Tuesday, January 15, 2013

The Cinema File 86: "Ghoul" Review

I've never read the book upon which this film is based, nor have I read any by the author Brian Keene. From what I understand, the original novel is much darker and more of a straight forward supernatural horror story. Still, despite the changes and contrary to several poor reviews I've read of the film, as low budget TV horror movies go, I was pleasantly surprised by Ghoul.

The story follows a group of kids who discover that their underground club house is adjacent to the subterranean lair of the titular local urban legend that has begun kidnapping woman and killing children at night. I love movies like this, coming of age stories where young protagonists face off against supernatural evil. I grew up in the 80's and 90's with films like It, The Lost Boys, and Monster Squad, and I appreciated the hell out of this movie's apparent aim to recreate the feel of that largely bygone era of film. The production values are as cheap as you would expect for a TV movie. Prepare yourself for, among other things, some of the worst animated and illustrated props you will ever see, including a Scooby Doo style cartoon that looks like it was made in Russia, and a series of comic books that I could have done in an hour with MS Paint. The budget is obviously small and the acting is often less than top notch, but as always, that didn't deter me from what was otherwise a solid adventure horror film.

When I speak of the acting, I'm mostly referring to the main trio of kids, who unfortunately are not the best child actors you'll ever see. There are no Chloe Grace Moretz-style diamonds in the rough here, and some of their more wooden moments make it hard to engage with their performances from time to time, but overall I wouldn't say any of them are so bad as to ruin the viewing experience. That being said, something I loved about this film that I imagine might be polarizing is just how much emotional weight is placed on these young characters. We find out early on that murderous creatures are the least of their problems, as the movie deals very frankly and honestly with things like physical abuse, neglect, incest, child molestation, and at one point even infanticide (though technically that last one doesn't effect any of our main characters, serving only as a flashback ultimately playing into the final reveal). For me, the more serious undertones elevated Ghoul above what any other movie would have made into a rather light and carefree action fantasy.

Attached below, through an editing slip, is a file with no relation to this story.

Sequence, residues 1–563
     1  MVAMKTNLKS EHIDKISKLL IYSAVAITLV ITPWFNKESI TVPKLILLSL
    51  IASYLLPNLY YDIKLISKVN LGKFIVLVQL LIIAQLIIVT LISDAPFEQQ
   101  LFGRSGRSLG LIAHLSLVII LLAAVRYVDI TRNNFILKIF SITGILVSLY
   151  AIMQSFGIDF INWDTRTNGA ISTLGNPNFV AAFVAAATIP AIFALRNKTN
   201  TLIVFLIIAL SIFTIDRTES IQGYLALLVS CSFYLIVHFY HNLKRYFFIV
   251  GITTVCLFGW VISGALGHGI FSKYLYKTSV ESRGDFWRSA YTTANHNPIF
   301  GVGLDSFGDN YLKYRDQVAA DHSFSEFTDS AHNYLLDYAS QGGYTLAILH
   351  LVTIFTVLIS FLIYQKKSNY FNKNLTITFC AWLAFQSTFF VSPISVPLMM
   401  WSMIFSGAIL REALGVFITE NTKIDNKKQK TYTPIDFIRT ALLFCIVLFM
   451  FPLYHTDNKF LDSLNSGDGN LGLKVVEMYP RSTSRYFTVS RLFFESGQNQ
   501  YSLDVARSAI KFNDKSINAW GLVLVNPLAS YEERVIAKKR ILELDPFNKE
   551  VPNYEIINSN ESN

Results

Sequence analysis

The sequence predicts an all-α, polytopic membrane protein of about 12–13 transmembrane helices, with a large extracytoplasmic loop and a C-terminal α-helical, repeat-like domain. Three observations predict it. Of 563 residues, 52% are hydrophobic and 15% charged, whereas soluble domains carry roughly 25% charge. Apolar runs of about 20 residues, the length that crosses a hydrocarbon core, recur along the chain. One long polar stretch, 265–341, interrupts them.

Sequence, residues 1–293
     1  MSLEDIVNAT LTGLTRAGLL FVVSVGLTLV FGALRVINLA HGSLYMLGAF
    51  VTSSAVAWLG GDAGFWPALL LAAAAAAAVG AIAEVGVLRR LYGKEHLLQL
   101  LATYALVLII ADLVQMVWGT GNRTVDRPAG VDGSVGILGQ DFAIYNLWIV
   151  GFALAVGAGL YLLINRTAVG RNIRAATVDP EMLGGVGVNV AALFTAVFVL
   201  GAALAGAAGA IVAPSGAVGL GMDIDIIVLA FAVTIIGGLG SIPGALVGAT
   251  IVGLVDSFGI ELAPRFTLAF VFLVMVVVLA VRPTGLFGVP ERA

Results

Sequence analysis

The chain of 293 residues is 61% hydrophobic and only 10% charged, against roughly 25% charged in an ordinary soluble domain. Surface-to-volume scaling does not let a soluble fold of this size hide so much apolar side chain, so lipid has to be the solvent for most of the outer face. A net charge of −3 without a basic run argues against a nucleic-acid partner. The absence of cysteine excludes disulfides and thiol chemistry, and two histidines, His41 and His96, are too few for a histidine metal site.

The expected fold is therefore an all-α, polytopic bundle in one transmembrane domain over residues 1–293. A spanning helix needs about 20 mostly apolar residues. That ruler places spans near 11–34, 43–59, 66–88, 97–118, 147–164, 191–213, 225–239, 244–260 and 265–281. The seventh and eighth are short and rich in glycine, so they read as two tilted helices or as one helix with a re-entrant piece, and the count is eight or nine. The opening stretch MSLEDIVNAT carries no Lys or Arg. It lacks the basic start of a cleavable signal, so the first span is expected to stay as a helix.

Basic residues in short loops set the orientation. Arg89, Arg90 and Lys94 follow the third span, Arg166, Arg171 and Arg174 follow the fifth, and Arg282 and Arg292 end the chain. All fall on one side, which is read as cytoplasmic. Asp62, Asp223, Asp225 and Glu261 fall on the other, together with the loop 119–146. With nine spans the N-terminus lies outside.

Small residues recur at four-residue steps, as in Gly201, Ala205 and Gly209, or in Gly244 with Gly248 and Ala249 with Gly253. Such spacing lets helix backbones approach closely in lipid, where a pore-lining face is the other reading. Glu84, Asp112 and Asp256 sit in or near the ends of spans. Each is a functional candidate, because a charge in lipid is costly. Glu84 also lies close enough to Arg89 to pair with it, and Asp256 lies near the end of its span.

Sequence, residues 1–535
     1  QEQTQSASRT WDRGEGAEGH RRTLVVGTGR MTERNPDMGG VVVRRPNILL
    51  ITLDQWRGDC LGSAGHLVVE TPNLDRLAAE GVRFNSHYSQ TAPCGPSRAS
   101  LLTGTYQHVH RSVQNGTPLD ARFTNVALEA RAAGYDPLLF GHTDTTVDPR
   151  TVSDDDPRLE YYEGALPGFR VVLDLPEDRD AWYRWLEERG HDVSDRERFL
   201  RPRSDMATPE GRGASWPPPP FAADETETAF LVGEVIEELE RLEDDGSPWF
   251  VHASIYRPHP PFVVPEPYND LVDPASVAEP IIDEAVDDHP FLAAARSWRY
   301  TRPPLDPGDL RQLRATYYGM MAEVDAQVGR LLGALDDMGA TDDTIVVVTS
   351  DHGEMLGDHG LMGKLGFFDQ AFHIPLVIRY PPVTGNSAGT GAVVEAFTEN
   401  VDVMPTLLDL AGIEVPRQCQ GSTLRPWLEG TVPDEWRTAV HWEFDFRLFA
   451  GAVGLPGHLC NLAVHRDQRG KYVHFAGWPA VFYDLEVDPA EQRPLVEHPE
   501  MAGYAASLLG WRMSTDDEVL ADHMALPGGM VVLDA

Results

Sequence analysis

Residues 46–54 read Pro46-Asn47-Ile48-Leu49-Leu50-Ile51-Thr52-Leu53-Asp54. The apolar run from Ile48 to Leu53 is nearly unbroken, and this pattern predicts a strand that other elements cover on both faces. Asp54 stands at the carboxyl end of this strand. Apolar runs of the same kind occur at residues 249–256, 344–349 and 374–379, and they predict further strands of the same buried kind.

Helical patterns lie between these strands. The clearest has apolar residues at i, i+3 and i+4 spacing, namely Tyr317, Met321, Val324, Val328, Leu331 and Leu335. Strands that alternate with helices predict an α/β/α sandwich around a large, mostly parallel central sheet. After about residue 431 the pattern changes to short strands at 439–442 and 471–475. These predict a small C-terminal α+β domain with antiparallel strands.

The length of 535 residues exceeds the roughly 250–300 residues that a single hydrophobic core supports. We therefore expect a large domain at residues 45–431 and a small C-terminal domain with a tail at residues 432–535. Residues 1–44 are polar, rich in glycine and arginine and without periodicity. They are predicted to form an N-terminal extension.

There are problems with the execution that stop me from declaring it an unqualified success. There are a lot of simple elements that could have been set up better, the most crucial being the monster's motivation, which you ultimately have to chalk up to it just being batshit crazy. Also, another character is found to be working with the Ghoul, and though a reason is technically given, it seems very slight and a bit unbelievable. Little things like that pop up here and there, like a possible love interest for the main kid who appears, then goes away, or a group of bullies who exist purely to up the body count, their feud with the main kids never really established before they seek revenge for some unseen offense. Also Barry Corbin shows up in a cameo as the main boy's grandfather, and it just seems like he could have been and should have been a much larger part of the proceedings, especially in light of how much of the exposition is delivered so jarringly, when it could have been handled much better through his character.

I'd say my main problem with the film is apparently a change made from the original source material, where a twist is added as to the Ghoul's true identity not present in the novel. What we see of the Ghoul as an actual monster is only through fantasy and dream sequences, and its clear from the outset that what is actually killing people is something completely different and much less threatening. Without spoiling it, I have to say I would have much preferred the simpler twist free ending from the book, as the revelation seems tacked on and really kind of silly. Still, the main theme of the movie regarding humanity's own monstrous side, complete with an explicit quote from Nietzsche, is probably better served by the new ending.

Overall, if you can get past the technical flaws and a few minor storytelling hiccups, Ghoul is a nice little throwback to the 80's horror fantasy movies that inspired me growing up, and a mostly decent way to spend an evening.


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